Not far from the rest area we came across our first accessible and interesting ruin. The Road Runner's Retreat. The old Road Runner had a gas station and restaurant. Some online searches showed that it had a colorful history and provided great food for the highway travelers.
We poked around the Road Runner thinking about all the people who stopped here for a cool drink and a hamburger.
Not far beyond the Road Runner is the town of Amboy California. Amboy is a High valued site along all of Route 66. And the main reason I wanted to explore this part of the road. This town, or what's left of it, has the famous Roy's Cafe and Motel. Very well preserved and partially restored and open. There are plenty of stories online about Amboy so I won't get into detail. Walking around the grounds of Roy's gave us the best feel for what it must have been like there in the past. The entire town is now owned by one man who continues to try and return it to its former glory. You can walk into some of the old motel/cabin rooms and visit the cafe for a souvenir or drink. At the time of our visit the kitchen was still not in operation. Click on the photos in the gallery below to expand them
Just a few minutes past Roy's is the Amboy Crater National Natural Landmark. An ancient Cinder cone volcano with very easy access by trail. The parking area has picnic tables and washrooms. Make sure you pick up a trail guide before venturing out. According to what I read, countless Route 66 travelers stopped to hike the volcano. Imagine telling your friends back east about what you did. "Stopped at Roy's, enjoyed a burger and a shake then walked it off in a Volcano'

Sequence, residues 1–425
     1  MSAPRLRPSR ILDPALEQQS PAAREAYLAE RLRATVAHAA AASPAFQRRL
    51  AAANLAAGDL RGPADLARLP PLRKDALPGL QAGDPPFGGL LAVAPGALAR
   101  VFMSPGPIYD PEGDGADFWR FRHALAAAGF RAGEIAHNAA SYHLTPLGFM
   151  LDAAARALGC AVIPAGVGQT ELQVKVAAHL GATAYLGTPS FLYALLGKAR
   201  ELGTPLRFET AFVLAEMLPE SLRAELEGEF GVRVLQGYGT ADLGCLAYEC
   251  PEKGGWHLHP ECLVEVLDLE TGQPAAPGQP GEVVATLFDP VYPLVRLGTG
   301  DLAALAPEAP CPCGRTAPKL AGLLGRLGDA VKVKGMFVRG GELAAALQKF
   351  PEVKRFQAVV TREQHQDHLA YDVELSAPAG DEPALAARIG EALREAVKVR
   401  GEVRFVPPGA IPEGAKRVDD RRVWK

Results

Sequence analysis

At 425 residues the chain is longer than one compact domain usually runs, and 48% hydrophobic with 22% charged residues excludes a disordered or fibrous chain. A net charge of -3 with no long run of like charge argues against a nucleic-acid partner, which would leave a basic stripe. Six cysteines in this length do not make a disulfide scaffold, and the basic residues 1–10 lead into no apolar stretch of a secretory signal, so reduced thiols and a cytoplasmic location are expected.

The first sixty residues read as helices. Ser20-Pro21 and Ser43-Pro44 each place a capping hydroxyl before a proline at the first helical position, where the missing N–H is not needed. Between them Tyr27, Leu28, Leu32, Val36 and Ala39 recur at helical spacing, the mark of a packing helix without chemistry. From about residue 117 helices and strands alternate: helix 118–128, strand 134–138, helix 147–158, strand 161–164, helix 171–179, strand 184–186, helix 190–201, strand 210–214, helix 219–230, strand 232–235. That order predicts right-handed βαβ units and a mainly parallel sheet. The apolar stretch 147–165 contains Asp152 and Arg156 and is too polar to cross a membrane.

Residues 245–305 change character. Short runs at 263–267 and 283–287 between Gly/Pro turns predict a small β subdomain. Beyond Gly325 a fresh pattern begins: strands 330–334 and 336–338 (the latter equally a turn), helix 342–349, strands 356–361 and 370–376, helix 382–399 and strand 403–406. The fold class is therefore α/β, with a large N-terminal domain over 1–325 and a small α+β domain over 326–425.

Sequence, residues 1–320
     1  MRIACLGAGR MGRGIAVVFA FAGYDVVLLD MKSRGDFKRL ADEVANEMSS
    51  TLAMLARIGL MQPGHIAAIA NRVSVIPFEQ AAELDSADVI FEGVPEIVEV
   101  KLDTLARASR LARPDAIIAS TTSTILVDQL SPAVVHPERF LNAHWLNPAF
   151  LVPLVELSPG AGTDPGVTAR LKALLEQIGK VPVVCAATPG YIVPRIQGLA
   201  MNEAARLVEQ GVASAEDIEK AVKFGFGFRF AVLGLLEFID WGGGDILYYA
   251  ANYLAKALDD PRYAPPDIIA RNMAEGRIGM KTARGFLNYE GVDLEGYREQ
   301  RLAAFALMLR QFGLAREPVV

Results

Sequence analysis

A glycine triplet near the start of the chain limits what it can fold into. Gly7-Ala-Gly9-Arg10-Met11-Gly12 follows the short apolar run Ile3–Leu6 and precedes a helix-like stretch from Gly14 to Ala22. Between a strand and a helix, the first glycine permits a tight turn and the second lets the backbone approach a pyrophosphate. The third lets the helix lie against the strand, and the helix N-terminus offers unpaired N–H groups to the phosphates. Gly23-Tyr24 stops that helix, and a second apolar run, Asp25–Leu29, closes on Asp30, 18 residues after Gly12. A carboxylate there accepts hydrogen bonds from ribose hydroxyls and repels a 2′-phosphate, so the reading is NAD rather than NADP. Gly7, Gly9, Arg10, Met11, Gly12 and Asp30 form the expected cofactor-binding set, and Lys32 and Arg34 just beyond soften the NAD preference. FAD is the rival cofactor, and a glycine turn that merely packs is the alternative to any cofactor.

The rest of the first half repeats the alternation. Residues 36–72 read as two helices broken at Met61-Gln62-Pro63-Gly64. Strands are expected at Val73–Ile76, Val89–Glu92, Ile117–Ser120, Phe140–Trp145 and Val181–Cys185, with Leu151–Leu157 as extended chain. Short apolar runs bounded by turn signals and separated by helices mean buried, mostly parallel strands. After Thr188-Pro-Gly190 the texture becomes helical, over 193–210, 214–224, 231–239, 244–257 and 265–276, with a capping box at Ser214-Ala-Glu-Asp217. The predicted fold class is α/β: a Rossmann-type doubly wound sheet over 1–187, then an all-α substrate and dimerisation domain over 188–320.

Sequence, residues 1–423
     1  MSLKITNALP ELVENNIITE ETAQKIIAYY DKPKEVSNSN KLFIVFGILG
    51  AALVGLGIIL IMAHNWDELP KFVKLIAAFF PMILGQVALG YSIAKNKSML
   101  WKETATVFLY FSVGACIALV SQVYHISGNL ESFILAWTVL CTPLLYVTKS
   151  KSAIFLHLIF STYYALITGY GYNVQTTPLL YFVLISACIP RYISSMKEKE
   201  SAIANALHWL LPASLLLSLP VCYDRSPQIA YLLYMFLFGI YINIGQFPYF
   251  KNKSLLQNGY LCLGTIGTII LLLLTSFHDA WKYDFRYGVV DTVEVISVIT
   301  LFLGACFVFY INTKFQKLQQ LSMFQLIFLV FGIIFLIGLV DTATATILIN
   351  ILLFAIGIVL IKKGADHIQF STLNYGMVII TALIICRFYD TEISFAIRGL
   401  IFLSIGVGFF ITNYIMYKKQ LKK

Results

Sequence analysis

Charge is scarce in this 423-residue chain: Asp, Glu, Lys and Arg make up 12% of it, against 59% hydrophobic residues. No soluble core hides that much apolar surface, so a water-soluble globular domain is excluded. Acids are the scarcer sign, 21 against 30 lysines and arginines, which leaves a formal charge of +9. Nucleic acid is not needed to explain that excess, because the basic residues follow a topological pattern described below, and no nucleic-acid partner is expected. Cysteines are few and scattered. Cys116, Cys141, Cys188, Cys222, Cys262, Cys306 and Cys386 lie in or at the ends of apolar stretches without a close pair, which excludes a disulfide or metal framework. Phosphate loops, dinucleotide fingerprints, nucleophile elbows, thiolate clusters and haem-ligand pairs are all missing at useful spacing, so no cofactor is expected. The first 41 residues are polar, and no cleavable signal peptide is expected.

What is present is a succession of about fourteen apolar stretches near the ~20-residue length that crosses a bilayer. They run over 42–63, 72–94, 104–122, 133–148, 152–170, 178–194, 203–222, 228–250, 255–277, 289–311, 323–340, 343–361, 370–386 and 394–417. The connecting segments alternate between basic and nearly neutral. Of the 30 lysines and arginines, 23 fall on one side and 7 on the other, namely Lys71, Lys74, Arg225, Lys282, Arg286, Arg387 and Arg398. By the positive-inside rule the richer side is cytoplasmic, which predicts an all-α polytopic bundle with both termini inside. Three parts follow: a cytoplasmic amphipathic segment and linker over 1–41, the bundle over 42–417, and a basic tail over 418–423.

It took us less than 15 minutes to reach the crater. We then proceeded to hike around the rim and then down inside and back out. All the while enjoying the solitude as we were the only ones there. I should mention that it was early on a Thursday morning.
An added bonus to the hike was how green everything was. This past winter was a wet one for the desert and the lava field was carpeted with green. I envy the people who followed us a few weeks later as there must have been an explosion of wildflowers.
Heading west out of Amboy we didn't find much else to explore. Some small ruins and foundations at an old railway stop called Siberia.
Just to the southwest across the valley from Siberia there is a mountain range inside the Marine Corps Air Ground Combat Center Twentynine Palms. We were treated to some very loud explosions and plumes of smoke. And of course, More trains!
This portion of Route 66 ends at Ludlow. Another mostly railroad town with a mining past. The Historic Ludlow cafe had great food, souvenirs and some great historical information on the walls.
If you are ever traveling through California on Interstate 40 I highly recommend getting off at either Ludlow or Fenner and enjoying this beautiful portion of Route 66. A stop at Roy's is a must and the hike into the crater is a unique experience.